Oil cartel Opec is set to ease production cuts less than previously expected, it emerged today, in a bid to continue supporting the slowly recovering global economy.
Since May, the wider alliance of Opec members and key players such as Russia have been cutting oil output by 9.7m barrels per day, nearly a tenth of global production, in response to flatlining demand caused by the coronavirus pandemic.
From August to December, the group had been expected to ease back the curbs to 7.7m barrels per day, but Reuters reported that around 8.5m barrels a day will be held back for the next two months.
According to Saudi Arabian oil minister Prince Abdulaziz bin Salman, the cuts will remain deeper than expected because countries which failed to comply with the previous curbs will be forced to compensate.
Documents showed that Russia, Nigeria, Iraq, Angola and Kazakhstan would cut more supply as a result of past failures.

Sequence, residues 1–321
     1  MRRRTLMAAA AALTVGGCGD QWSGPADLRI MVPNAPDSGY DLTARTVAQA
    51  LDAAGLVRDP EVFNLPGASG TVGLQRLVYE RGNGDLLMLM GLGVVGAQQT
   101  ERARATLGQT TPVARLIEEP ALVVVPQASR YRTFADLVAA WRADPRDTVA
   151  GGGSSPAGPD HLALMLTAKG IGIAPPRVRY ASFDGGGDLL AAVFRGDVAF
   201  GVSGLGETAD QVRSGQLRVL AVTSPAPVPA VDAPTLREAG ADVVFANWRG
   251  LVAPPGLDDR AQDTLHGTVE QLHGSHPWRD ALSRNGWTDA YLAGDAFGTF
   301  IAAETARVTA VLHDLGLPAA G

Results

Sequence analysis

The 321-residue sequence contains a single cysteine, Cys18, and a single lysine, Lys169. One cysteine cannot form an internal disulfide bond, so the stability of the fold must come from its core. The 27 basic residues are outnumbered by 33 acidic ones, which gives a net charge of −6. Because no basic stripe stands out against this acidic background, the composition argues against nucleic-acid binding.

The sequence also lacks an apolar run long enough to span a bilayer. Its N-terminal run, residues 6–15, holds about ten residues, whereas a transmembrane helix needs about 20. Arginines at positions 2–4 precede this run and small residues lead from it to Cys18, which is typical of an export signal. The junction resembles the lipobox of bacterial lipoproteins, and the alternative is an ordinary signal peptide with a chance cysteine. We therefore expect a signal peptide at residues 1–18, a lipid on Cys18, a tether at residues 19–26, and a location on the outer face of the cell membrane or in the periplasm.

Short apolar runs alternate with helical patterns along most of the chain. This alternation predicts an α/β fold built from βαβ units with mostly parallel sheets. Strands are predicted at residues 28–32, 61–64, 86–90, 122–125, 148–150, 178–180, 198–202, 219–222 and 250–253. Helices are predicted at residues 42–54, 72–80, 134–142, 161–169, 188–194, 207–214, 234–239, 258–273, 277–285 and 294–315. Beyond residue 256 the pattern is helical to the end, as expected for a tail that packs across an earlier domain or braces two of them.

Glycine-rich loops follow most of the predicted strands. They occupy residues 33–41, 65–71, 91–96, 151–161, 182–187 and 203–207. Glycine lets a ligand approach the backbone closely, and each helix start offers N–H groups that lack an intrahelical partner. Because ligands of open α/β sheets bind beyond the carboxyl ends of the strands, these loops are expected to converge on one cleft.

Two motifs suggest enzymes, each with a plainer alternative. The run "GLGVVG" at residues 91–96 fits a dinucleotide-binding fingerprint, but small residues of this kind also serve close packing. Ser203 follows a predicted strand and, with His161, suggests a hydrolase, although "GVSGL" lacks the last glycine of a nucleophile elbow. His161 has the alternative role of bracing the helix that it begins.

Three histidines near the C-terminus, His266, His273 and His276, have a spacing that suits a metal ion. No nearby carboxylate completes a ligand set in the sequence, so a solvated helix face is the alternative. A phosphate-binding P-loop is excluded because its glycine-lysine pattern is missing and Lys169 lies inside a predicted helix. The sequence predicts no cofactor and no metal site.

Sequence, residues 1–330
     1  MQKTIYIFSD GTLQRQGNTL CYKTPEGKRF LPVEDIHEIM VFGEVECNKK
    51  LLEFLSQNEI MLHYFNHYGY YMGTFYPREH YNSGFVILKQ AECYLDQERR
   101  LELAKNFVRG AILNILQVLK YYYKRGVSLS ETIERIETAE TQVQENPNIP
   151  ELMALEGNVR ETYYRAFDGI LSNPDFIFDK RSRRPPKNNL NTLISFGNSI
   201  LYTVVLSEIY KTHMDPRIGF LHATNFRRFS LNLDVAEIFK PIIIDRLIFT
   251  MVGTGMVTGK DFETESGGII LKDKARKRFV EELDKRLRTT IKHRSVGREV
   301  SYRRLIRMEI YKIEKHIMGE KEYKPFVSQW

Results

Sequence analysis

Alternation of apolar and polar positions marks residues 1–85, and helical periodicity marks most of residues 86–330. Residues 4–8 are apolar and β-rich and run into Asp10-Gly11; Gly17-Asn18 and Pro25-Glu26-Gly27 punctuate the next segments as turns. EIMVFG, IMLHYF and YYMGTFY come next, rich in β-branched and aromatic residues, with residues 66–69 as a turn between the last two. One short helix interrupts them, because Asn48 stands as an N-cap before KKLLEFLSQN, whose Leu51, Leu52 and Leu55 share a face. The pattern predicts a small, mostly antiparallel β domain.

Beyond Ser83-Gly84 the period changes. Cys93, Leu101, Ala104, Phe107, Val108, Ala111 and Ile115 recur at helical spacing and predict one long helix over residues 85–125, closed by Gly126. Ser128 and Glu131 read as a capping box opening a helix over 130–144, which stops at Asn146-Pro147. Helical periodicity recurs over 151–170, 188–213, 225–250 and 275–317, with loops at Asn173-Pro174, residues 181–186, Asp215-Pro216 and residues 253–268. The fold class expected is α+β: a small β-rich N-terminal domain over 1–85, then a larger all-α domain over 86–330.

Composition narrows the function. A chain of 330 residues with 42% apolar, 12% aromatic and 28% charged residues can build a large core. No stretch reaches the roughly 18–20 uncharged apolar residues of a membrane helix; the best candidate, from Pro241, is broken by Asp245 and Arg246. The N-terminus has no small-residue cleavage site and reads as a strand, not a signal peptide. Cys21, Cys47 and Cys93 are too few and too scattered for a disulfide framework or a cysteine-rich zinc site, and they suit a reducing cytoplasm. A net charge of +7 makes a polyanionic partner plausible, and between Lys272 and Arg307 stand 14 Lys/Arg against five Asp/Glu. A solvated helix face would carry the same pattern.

Bin Salman said that the extra supply resulting from the scheduled easing of curbs would be consumed as energy demand around the world picks up as lockdowns lift.
However, in recent days, oil prices have wavered amid fears that the cuts would be eased too far, with a number of countries having reimposed lockdown measures, thus stalling the recovery in demand.
Yesterday Opec said that demand would rebound by 7m barrels a day in 2021, although it would still be lower than pre-coronavirus levels.
The still-fragile market, which has rallied strongly after collapsing to historic lows in April, received a boost when the American Petroleum Institute reported a larger than expected fall in crude stocks.
More than 8m barrels of crude were drawn down from stocks, surprising analysts who had anticipated a 2m barrel drop.
Whether prices continue to head in the right direction depends on Opec members complying with the cuts, a historically contentious area.
Rystad Energy’s senior oil market analyst Paola Rodriguez-Masiu said: “For now, we believe that the oil market is heading to the right direction, with oil prices registering moderate gains.
“But the price recovery is fragile and hinges not only upon avoiding a derailing of the demand recovery, but also OPEC+ adherence to quotas as they slowly ramp-up output in August”.